reflections on dinners and adulthood

There is nothing that beats the warmth and comfort of my mother’s kitchen. When I go home to visit, it’s the first place that I end up, either rummaging for a snack or helping with preparations for the next meal. Time in the kitchen is so much a part of my relationship with my mama and, as the center of our home, it was the place where so many important and precious conversations were shared. At the dining room table, just within view of the sink and the oven, I would do my homework or read or work on the countless childhood projects in which I was always immersed. My dad would come home from work and join me there to go through the mail, and mama would complete the circle with news of the day’s happenings. We were very much a dinner-together kind of family. Our little home glowed, I think, from this sweet tradition. I always felt like I missed something if I wasn’t home for our shared meal, and I still feel nostalgic for the glow of the setting sun from the southeast windows, the begging pup underneath the tabletop, and the labor of love that was my mama’s meals.

I think about her hard work when I cook dinner. When I come home from an eight hour shift and it’s all I can do to have a smile on my face, let alone create a nourishing and delicious meal from the contents of the fridge (the Crockpot is my bestie, btw). When I’m trying to cut back but my mile-a-minute husband needs CALORIES and FAST. When I’m cooking from the pantry and there’s little but a can of beans, some chipotles in adobe, and oatmeal.

With my little family, and my comparably few responsibilities, life seems sweet and easy. But I can imagine that as work increases, as stresses compound, and as life grows more complex as it will inevitably do, that my struggles in the kitchen will move beyond the simple question of whether or not to eat the leftover sausages.

How do moms [parents, grandparents, and guardians too] do it?? Jenny and Andy from Dinner A Love Story, just published their first cookbook, all about eating together as a family amidst jobs and soccer practices and dinner parties gone amuck. There example is realistic and simple, and I just flipped through their cookbook today after doing my share of perusing their lovely blog.

But when I need encouragement or an example, I think about my mother who worked and ran her own business and volunteered and laughed and brought home puppies because she is so kind-hearted, and who cooked, I mean, really COOKED, and I think – I’m so glad I have her genes.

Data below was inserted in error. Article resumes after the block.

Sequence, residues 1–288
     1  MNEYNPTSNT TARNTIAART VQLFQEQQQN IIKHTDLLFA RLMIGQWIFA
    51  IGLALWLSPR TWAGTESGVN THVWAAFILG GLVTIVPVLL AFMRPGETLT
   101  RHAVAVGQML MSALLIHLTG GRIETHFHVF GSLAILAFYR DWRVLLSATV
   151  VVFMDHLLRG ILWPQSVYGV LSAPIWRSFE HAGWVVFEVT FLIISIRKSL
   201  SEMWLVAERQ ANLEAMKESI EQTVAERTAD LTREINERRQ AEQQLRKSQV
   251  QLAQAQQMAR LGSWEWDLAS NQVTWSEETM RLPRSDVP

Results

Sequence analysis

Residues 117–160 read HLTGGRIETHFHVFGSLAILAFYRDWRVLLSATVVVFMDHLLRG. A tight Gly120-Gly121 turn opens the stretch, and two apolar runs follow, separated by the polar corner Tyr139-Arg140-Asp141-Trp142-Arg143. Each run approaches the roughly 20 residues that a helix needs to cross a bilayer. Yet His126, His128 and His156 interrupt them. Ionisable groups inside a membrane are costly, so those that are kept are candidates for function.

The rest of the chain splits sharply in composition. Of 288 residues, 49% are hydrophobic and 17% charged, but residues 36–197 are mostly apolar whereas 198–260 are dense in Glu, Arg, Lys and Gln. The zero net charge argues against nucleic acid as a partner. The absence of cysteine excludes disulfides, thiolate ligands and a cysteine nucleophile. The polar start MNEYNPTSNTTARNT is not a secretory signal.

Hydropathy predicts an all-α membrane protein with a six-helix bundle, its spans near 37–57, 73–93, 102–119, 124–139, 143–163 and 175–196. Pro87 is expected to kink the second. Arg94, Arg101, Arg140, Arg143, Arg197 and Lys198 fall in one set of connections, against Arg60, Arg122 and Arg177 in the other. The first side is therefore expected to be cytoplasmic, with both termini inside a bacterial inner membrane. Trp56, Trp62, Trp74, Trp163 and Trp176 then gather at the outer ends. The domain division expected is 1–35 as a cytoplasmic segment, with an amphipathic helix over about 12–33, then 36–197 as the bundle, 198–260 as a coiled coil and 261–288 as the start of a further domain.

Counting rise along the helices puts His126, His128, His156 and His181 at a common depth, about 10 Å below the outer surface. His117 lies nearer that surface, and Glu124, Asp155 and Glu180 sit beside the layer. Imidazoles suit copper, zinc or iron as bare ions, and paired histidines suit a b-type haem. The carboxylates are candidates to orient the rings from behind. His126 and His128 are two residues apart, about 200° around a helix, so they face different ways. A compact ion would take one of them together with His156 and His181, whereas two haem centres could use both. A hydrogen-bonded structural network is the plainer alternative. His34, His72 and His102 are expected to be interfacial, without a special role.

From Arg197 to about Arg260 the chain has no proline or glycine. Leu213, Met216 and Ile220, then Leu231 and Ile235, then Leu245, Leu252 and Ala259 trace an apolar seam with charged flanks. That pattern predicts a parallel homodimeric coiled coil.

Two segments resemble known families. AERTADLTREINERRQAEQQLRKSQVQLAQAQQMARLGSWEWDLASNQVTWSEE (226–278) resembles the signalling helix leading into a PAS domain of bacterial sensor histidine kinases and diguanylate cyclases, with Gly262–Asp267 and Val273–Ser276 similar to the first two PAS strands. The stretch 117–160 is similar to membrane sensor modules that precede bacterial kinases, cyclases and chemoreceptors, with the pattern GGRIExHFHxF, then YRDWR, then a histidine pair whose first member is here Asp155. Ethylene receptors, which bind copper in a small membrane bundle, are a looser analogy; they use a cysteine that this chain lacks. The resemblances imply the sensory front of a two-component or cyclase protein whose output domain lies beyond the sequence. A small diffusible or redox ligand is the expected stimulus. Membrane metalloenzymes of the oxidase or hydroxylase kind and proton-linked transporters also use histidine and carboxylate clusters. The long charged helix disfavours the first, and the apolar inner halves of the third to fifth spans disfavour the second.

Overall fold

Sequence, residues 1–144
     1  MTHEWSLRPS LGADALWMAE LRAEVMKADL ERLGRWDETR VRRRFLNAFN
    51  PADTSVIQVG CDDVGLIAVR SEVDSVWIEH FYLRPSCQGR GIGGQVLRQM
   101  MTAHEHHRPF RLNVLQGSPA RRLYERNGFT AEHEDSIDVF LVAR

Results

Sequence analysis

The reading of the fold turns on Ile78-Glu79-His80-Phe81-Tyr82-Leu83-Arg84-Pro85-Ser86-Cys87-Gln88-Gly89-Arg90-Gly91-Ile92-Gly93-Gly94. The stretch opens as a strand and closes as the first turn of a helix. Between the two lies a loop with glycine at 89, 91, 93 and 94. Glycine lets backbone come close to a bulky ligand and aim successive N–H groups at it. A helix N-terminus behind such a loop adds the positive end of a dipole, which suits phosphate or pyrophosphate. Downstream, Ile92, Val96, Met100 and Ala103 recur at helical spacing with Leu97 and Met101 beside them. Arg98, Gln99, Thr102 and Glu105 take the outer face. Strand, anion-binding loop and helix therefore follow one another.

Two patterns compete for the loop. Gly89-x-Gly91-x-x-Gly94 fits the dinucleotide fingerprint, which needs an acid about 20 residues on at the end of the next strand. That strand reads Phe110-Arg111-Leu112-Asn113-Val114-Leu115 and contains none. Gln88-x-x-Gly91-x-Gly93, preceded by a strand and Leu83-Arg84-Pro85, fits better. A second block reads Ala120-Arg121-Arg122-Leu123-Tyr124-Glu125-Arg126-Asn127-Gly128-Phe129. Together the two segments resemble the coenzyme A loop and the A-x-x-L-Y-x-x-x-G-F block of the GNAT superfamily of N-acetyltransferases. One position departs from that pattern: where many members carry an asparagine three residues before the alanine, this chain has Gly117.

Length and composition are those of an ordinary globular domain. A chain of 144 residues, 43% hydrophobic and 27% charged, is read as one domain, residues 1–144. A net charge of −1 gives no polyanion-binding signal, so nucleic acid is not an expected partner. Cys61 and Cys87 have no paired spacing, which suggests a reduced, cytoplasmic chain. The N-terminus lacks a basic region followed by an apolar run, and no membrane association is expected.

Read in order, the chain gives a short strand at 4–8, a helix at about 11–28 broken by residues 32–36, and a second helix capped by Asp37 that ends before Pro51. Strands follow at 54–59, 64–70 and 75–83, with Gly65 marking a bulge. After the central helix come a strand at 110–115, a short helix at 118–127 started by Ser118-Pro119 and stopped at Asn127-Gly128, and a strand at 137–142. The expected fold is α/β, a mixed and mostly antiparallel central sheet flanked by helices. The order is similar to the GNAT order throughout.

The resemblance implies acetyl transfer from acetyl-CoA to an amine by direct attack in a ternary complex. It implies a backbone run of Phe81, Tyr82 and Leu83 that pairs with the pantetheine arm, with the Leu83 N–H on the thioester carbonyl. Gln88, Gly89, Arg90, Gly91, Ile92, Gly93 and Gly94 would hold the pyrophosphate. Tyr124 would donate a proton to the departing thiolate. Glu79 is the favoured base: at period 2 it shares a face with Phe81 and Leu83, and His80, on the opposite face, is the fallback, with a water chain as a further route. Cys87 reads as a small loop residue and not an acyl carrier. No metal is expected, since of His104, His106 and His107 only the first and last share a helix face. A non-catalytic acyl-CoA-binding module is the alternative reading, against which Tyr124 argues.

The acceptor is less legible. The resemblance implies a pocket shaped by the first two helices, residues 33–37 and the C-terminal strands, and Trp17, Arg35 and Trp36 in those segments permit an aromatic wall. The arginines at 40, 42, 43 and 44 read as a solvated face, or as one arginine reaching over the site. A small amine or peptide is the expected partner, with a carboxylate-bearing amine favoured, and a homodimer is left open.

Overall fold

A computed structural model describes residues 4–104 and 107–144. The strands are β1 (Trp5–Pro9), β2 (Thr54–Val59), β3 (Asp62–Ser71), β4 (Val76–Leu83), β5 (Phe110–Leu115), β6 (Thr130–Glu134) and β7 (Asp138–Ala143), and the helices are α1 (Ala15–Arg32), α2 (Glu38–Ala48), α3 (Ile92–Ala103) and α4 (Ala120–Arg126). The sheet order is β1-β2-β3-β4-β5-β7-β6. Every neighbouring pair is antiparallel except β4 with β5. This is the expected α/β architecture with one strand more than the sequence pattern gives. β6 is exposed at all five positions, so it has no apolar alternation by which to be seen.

Here’s to you, mama. And to that silly man I call daddy who joked at the table while we all enjoyed your many marvelous meals.

Rainbow Salad from Dinner A Love Story

Red: 1 red bell pepper, seeded and chopped

Orange: 1 orange bell pepper, seeded and chopped

Yellow: 2 ears of fresh sweet corn, shucked

Green: 1 bag frozen peas, thawed

Purple: ½ head purple cabbage, shredded

Lightly cook veggies in a pan with a little water until tender, about 5 minutes. Toss in butter and salt – or perhaps with some fresh herbs, finely shredded carrot, minced garlic, and a red wine vinegar-and-mustard vinaigrette?

Stacked Garden Chicken

2 chicken breasts

a lemon

fresh herbs: chives, basil, mint, tarragon, rosemary…

olive oil

s+p

3 medium eggplants

2 Tbsp. ground cumin

3 cloves of garlic, minced

Roma tomatoes

Preheat the oven to 350 degrees. Wash and trim tomatoes and eggplants, pierce the flesh, and drizzle with olive oil in a shallow casserole pan. Roast for half an hour and remove tomatoes – they should be soft and charred. Turn the oven up to broil the eggplant until sooty and soft, about 40 minutes more.

Set the tomatoes aside. When the eggplant is cooled, scrape the soft flesh out and mix with juice of half a lemon, cumin, garlic, and salt to taste. Add a bit more olive oil to thin if necessary – the consistency should be similar to a thick hummus.

Rub the chicken breasts with half a lemon, and sprinkle with s+p and chopped fresh herbs. Saute lightly in olive oil and butter until cooked through, covering the pan and adding a bit of water to steam the chicken if it begins to dry out.

On a plate, layer the ingredients: first, a puddle of smoky eggplant puree, then the chicken breast, then a few oven-roasted tomatoes. Sprinkle with fresh basil and a shaving of Parmesan.

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